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Fish in beer batter - recipe

File photo. Picture: Thomas Holder

File photo. Picture: Thomas Holder

Published Jan 13, 2016

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Cradock - In the climate I live in, beer warms up far too quickly. Right now, as I write, outside it is 37°C at 10am and promises to touch 40°C by midday. Tomorrow we’re experiencing 42°C, with no rain promised for yet another week after months and months on end with not a drop to nourish the farmland on which sheep and cattle graze.

Remove a beer from the coldest part of the fridge, crack it open and after the fourth glug the beer has warmed to a degree favoured by Englishmen who live in a cold climate and sit at fireplaces in pubs with sheepdogs at their feet.

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Warm beer is like scalded milk, its original promise lost. Warm beer is lame and tame, like a eunuch or a toothless lion. It’s no longer fit for purpose, obsolete, no good for anyone unless you want to ship it to England where there would be a ready market for it if the bottle had not already been opened.

Warm beer is the political firebrand cast into the wilderness when he has been shown to have feet of clay. Warm beer is the Hollywood child star who grows up to be a total wet whose agent can’t even land him auditions, let alone parts. Warm beer is the one-hit wonder pop band who, years later, go on family TV shows on which contestants try to guess who they once were (which they fail miserably to do).

You can wash your hair in it (the beer needs to be flat and warm). But warm beer doesn’t wash in the Karoo, so by the time the bottle is half empty I’ve lost interest in its contents. Half a lager does, however, have other uses.

Tenderise and marinate meat in it, adding flavourants of your choice such as garlic, onion, herbs and spices. Use beer bottles instead of beers to build a house or garden shed, pouring the contents of some of the bottles on to the ground surface all over the garden to get rid of snails (I have not tested this, but the theory is said to work). Make a beer bread, adding onion and a herb such as thyme or sage.

Or use beer to make a great batter for frying fish or vegetables such as broccoli florets, cauliflower florets, carrots or beans.

You could (if you were a hipster, say), use craft beer when making your beer batter, but you would be tripling the price of the batter with which you are going to eat your fish. Be my guest. It will, I’m sure, add a lovely depth of flavour to your batter, and it’s a good way to go if you’re planning some posh fish and chips for a party.

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Talking of which, anyone who’s tasted my mom’s chips will tell you they’re unmatchable and I am blessed to have been given her recipe. There’s no triple-frying involved, just some simple but important steps which, if ignored, spoil the chips.

Peel the potatoes then cut the chips fairly thickly. About a centimetre thick is about right, but the cross-side should be a little thinner. Lay out the chips on kitchen paper, and cover with more kitchen paper, patting down to absorb moisture.

Heat lots of sunflower oil in a deep pot into which your chip basket will fit. Strictly speaking the temperature should be 160°C, which is a moderate heat which will create a regular, gentle bubble.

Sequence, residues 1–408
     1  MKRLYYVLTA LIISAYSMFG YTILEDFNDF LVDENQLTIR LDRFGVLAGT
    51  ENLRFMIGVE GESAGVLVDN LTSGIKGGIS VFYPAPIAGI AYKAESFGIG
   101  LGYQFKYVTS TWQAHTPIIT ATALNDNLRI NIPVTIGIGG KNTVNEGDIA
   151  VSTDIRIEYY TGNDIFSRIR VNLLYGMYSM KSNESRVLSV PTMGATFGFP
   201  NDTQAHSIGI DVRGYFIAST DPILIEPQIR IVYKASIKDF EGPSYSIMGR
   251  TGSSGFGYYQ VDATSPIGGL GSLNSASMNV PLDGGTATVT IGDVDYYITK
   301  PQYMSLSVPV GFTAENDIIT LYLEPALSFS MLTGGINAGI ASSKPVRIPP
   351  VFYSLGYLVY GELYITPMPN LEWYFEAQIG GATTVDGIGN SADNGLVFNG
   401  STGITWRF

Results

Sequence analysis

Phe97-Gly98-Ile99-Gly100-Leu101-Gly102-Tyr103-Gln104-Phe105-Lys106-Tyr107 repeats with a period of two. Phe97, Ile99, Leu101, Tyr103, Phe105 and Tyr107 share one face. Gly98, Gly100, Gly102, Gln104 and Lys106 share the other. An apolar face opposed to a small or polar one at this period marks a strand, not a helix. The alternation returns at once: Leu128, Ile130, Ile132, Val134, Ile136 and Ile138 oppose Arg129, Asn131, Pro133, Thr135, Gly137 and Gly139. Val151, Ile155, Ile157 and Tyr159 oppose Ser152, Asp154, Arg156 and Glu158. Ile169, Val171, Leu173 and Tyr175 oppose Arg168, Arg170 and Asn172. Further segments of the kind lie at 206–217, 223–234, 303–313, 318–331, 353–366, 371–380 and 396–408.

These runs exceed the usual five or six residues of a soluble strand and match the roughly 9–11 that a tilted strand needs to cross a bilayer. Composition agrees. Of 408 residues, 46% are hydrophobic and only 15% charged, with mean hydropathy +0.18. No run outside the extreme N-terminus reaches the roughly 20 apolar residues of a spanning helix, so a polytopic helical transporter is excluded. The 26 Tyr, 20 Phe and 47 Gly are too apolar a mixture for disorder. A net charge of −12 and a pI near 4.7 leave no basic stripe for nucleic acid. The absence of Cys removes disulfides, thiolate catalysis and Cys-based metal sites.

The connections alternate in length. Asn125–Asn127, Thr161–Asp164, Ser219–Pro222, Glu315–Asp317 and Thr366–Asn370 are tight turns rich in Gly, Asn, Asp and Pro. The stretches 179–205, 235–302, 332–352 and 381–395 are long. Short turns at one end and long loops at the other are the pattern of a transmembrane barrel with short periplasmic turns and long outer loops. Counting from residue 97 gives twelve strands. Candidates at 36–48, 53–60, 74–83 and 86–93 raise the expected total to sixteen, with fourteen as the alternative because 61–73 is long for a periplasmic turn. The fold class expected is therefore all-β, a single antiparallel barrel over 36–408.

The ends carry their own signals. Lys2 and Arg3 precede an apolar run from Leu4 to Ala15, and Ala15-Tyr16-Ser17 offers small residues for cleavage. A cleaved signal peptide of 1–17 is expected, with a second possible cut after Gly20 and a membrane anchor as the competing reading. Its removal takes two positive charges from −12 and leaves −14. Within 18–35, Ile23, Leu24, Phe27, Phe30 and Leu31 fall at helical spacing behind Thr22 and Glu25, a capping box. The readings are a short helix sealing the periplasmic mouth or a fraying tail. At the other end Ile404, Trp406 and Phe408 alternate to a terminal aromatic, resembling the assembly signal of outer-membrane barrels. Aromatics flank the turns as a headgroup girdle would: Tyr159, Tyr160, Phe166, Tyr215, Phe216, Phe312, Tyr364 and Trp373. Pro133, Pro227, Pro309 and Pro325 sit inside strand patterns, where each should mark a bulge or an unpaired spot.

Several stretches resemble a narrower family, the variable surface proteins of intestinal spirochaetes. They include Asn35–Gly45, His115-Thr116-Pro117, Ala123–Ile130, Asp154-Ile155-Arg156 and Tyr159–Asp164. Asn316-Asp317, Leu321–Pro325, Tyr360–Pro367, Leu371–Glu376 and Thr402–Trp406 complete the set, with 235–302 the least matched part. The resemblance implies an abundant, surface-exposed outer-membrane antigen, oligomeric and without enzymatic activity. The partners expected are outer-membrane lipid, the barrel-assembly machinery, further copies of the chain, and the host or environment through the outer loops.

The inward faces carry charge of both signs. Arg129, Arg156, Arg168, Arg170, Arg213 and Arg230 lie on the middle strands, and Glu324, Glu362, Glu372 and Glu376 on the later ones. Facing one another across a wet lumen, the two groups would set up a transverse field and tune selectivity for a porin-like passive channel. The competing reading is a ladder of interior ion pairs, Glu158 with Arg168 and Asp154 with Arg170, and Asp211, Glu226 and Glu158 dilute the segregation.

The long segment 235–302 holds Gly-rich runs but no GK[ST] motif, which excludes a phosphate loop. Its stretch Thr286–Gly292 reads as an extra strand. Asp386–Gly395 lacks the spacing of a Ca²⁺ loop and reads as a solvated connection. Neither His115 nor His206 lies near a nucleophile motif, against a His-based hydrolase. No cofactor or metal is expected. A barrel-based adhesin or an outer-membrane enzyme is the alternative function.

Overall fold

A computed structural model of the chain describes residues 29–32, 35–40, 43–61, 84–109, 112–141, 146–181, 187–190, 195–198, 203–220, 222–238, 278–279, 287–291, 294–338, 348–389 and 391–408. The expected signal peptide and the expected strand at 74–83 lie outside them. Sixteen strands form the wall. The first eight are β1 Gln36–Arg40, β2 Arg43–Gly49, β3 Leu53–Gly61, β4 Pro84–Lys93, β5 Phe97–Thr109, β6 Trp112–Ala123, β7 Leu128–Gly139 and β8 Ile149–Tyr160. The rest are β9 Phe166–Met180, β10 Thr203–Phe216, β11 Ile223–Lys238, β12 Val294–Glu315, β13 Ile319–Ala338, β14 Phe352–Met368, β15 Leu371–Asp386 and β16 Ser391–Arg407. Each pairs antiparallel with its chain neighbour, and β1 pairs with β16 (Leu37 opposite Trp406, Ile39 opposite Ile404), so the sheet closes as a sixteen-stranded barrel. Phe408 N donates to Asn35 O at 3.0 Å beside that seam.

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The chips must not cook in very hot oil, vigorously, which will make them burn quickly on the outside leaving the centre uncooked. I use number 4 on my stove, but stoves heats differ.

Lay some of the chips loosely in the chip basket, but not too many. An essential point is that the chips must be able to “breathe”, so do two or three batches rather than frying too many all at once.

Have a container ready layered with kitchen paper in which to drain the cooked chips.

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Take one chip and carefully dip it into the oil. There should be an instant issue of tiny bubbles.

If so, place the chip basket in and immediately shake vigorously to coat all the chips. This separates one from another so that you don’t end up with some stuck together.

Allow to cook at a gentle simmer until golden brown. Drain in the paper-lined bowl, salt and eat.

 

Basic beer batter

250ml (1 cup) plain flour

1 teaspoon baking powder

330ml beer

Salt and pepper to taste

Variations

Add one or more of the following to the batter. You can use one addition, or two, or three, such as capers, chilli and spring onion. Stir in just before coating the fish.

2 Tbs capers, or

2 Tbs finely chopped spring onions, or

1 Tbs finely chopped chilli (or less for a milder heat), or

1 heaped tsp turmeric (borrie) or ground coriander, or 1 heaped tsp masala (curry powder)

For the beer batter, sift flour and baking powder into a bowl, make a well, pour in the beer, season with salt and pepper, and whisk vigorously until it makes a smooth, fairly runny batter. If it feels too stodgy you can add a little more beer; if it’s too runny, add a little more flour and whisk again. If you’re only cooking for two or three people, use half of each ingredient.

Use the same oil in which you cooked the chips, but not the basket – if you put the battered fish into a basket, it will sink to the bottom and separate the batter into instant crunchy crumbles.

Keep the oil at the same temperature as for the chips. Coat fish fillets thoroughly in batter and slip into the water (not from a height). Fry until golden brown.

Drain and serve with lemon wedges and a few capers, or chop some capers finely and stir them into mayonnaise.

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